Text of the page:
Nancy Martorano Miller, University of Dayton; Domingo Morel, Rutgers University – Newark ; Frank J. Gonzalez, University of Arizona; Richard L. Hasen, University of California, Irvine, and Thessalia Merivaki, Mississippi State University
A 2016 Arizona state law makes the collection of ballots by third parties a felony.
The Democratic National Committee and voters sued the state over the law the same year it passed, claiming the ban violates Section 2 of the Voting Rights Act by discriminating against the state’s Native American, Hispanic and African American citizens who rely more on third-party collection. They also argued it violates the 15th Amendment to the U.S. Constitution, which guarantees that race not be a barrier to voting.
At the time of the bill’s passing, Arizona Gov. Doug Ducey said it would help maintain election integrity.
The case is now before the U.S. Supreme Court, which heard oral arguments March 2.
The high court’s decision could affect laws in states that allow ballot collection and may also set a standard for evaluating local elections laws nationwide.
We asked five election experts if collection of ballots is good for democracy.
Colorado gets it right
Richard L. Hasen, Chancellor’s Professor of Law and Political Science, University of California, Irvine
Within reasonable limits. “Ballot harvesting” is a pejorative term for the third-party collection of mail-in ballots. Some states, such as Alabama, ban the practice of allowing people to collect and turn in another’s ballot, and some of the states allowing collection impose limits on the practice.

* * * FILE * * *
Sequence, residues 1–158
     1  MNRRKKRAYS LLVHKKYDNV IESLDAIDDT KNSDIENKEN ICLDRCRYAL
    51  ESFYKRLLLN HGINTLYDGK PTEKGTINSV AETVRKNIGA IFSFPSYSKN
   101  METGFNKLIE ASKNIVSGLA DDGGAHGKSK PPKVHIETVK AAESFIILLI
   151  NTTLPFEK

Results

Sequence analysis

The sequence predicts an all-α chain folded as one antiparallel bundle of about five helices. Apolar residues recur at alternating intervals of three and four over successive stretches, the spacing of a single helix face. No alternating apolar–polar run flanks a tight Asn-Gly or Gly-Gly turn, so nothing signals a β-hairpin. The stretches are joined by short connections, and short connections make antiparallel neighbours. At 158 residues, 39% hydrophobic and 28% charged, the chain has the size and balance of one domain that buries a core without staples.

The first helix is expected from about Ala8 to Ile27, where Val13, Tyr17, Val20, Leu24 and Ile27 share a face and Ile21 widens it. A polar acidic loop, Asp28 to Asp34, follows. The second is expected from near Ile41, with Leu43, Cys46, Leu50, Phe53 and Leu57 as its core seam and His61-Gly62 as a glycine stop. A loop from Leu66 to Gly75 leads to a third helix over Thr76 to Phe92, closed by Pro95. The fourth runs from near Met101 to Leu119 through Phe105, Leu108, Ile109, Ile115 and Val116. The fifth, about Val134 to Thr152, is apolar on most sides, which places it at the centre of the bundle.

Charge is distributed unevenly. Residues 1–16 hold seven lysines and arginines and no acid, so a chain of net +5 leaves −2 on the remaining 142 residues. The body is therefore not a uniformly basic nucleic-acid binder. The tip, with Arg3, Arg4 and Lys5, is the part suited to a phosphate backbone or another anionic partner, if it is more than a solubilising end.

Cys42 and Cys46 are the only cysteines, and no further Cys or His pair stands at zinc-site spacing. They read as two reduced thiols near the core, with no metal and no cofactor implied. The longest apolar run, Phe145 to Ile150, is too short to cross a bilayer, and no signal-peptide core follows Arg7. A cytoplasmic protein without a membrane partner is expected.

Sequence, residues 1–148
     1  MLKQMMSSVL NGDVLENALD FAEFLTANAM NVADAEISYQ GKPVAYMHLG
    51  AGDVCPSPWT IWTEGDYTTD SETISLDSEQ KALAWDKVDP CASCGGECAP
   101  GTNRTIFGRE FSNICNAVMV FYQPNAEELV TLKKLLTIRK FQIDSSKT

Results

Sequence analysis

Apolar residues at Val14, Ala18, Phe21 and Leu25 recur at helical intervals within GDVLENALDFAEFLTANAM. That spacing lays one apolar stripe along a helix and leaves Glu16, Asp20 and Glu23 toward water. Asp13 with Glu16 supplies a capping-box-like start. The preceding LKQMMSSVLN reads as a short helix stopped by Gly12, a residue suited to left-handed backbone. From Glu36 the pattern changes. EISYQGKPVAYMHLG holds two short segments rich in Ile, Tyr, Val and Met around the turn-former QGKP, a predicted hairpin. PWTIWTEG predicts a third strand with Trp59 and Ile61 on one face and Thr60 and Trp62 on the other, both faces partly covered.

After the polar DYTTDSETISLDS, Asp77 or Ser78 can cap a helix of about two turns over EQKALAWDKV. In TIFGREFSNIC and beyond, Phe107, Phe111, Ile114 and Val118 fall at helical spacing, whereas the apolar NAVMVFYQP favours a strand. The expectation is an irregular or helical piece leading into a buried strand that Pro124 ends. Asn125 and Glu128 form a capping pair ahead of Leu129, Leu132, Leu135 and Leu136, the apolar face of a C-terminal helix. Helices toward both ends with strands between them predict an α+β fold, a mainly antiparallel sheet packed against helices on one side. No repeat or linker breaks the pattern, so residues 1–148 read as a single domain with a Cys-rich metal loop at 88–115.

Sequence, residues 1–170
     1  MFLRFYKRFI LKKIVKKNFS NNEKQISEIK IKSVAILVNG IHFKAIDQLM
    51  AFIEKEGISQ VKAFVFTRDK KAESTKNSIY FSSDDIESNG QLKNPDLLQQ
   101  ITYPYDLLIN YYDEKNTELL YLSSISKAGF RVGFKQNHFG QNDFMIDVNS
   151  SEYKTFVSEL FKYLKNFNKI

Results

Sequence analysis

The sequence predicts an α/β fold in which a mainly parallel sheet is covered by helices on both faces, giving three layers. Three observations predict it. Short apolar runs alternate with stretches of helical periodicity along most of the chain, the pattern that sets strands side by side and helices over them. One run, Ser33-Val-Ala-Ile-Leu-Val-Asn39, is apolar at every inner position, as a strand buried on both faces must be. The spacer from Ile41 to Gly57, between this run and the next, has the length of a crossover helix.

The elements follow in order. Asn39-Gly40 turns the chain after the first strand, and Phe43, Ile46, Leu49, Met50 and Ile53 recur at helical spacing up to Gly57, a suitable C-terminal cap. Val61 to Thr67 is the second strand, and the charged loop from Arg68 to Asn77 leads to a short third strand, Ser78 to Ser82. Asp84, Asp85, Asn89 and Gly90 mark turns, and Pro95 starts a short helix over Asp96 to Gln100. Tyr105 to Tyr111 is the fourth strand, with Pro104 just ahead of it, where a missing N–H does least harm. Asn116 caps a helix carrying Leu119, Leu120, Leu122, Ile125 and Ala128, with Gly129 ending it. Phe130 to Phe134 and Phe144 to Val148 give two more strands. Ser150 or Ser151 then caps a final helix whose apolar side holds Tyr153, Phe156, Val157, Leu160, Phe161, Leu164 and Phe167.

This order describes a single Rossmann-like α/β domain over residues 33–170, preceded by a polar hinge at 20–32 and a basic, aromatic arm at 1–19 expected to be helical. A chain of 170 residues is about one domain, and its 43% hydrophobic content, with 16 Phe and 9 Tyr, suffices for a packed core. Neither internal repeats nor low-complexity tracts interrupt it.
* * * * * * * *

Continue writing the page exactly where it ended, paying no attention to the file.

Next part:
Allowing collection in certain circumstances makes sense, such as for voters in remote locations, or elderly or disabled voters who might have trouble returning their own ballots. But events from Bladen County, North Carolina, in 2018 show that such collection may provide the pathway for unscrupulous people to destroy or alter ballots.
States should allow assistance returning ballots to those voters needing it, but they should require that collectors identify themselves and be limited, as in Colorado, in the number of ballots they may collect.
Access to the ballot box
Nancy Martorano Miller, Associate Professor of Political Science, University of Dayton
Yes. I don’t like the term “ballot harvesting” because it implies fraud or illegality. I prefer “ballot collection.”
Some form of ballot collection is legal in 26 states. Officials in charge of running elections have consistently maintained the integrity of elections in those states. Fraud by ballot collection, like all incidences of election fraud, is rare.
Having a ballot collected might be the difference between a person voting and not voting. As a political scientist, I think we should encourage voting by all eligible citizens and count as many votes as possible.
Research shows that who votes has an impact on the types of public policies adopted by their representatives. With proper oversight, ballot collection can help underrepresented groups cast ballots and have their voices heard.
Disenfranchisement a worry
Frank J. Gonzalez, Assistant Professor in Political Science, University of Arizona
Yes. Throughout American history, regulations about who can vote and how have served as a major vehicle through which Black, brown, and poor Americans have been excluded from voting, thus diminishing any ability to refer to the U.S. as “democratic.”